La Jolla News Nuggets, July 21
Growth management group to discuss sea lion situation
Citizens Coordinate for Century 3 will discuss the sea lion population at La Jolla Cove as part of its monthly forum, 7 a.m. Thursday, July 28 in The Loggia Room of the House of Hospitality in Balboa Park. Moderated by City Council candidate Barbara Bry, the panel includes lifeguard Ed Harris, former La Jolla Town Council president Steve Haskins, attorney Brian Pease and attorney Artemis Spyridonidis. Through the forums, C3 explores growth management by encouraging open space, high standards of urban design, and coordination of planning between public and private sectors. bit.ly/1LrO8jV
Urban Plates opens La Jolla location
Urban Plates opened its 10th statewide location recently, this time in La Jolla at 8707 Villa La Jolla Drive, to offer healthful lunch and dinner options made from scratch daily. Menu includes classic and unique salads (think Caesar all the ways to kale coconut tofu), soups, braised dishes, pizzettes, composed plates and more, served cafeteria-style. Online ordering at urbanplates.com/la-jolla Store hours: 11 a.m. to 9:30 p.m. Sunday-Thursday; 11 a.m. to 10 p.m. Friday and Saturday. (858) 263-0818.
Additional hearing scheduled for Pirasteh piece
To present additional information on the controversial installation at 6706 Avenida Manana, owner/artist Nasser Pirasteh has asked for and received an additional hearing, set for July 21. Following an initial hearing on June 17, for which a decision is pending, Pirasteh requested a new hearing to present new details. At issue is whether the piece is an unpermitted structure or artistic sculpture. Because of its placement on the property and shelter-like shape, it is labeled a structure by the city, and requires permitting. If enforced, the code violations will cost Pirasteh thousands of dollars and he will have to dismantle or move the piece. Pirasteh argues the installation is art, and not subject to the San Diego Municipal Code.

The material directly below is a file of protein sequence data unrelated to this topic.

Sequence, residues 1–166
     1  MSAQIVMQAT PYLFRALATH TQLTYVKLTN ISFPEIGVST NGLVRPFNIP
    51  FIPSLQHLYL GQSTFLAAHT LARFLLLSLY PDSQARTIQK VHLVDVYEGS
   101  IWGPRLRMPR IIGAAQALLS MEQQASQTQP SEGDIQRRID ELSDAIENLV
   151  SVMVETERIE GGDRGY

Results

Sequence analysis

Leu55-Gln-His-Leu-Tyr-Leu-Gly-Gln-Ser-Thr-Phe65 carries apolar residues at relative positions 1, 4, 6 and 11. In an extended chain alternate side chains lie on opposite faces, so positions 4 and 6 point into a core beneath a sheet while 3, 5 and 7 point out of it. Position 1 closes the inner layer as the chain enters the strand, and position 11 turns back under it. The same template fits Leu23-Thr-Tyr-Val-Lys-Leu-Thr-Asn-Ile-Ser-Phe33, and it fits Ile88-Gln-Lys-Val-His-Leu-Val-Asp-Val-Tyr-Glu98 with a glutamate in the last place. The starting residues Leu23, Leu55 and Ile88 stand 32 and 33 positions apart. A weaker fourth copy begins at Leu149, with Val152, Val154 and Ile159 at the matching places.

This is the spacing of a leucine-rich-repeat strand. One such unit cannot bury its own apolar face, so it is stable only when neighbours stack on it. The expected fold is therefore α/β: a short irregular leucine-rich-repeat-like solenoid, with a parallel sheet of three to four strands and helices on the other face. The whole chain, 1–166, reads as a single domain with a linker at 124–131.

Community Center Open House July 29
With nearly 800 active members, and hoping for more, the La Jolla Community Center will host a Member Appreciation Party and Open House, 6 p.m. Friday, July 29 at 6811 La Jolla Blvd. The evening will be filled with music, food, raffles, shopping and a silent auction. All are welcome to the free event. RSVP: (858) 459-0831.
Said executive director Nancy Walters, “Summer is here and we have a great line up of programs and events for the community. We are adding new classes monthly and continuing our signature events. I would love for all of those who have heard of us, but don’t know who we are or what we do, to join us, July 29.” ljcommunitycenter.org
Superhero craft beer fundraiser festival
The Lot movie house is among the organizers of the Heroes Brew Craft Beer Festival, 3:30-6:30 p.m. Saturday, July 23 at the Waterfront Park, 1600 Pacific Hwy. The event will feature more than 100 beers from 40 different breweries, a costume contest, music and vendors. Proceeds will go to Warrior Foundation-Freedom Station, a non-profit that assists military men and women providing quality-of-life items, support services and transitional housing. Tickets from $44. VIP admission (2:30-6:30) $54. Costume contest has prizes for “Best Original Caped Crusader,” “Superhero Look-a-like,” “Group Costume” and “Superhero Villain.” heroesbrewfest.com
Chargers, Citizen’s Plan to face off on the November ballot
San Diego City Council approved two hotel tax-hikes initiative to be put on the November Ballot. The Charger’s proposal would raise hotel taxes from 12.5 to 16.5 percent and use those funds to partly pay for a downtown NFL stadium. The Citizen’s Plan, backed by lawyer Cory Briggs, would raise the hotel tax to 15.5 percent, and proceeds would fund a convention center expansion in downtown, but away from the waterfront. The Briggs initiative opens the door for a downtown stadium but prohibits public funding of it.
Both initiatives need two-thirds of the vote two pass, unless a State Supreme Court decision lowers it. Supporters of both initiatives gathered more than the 66,447 required signatures to place a measure on the ballot.
If the citizens approve both measures, the one receiving the most votes will pass.
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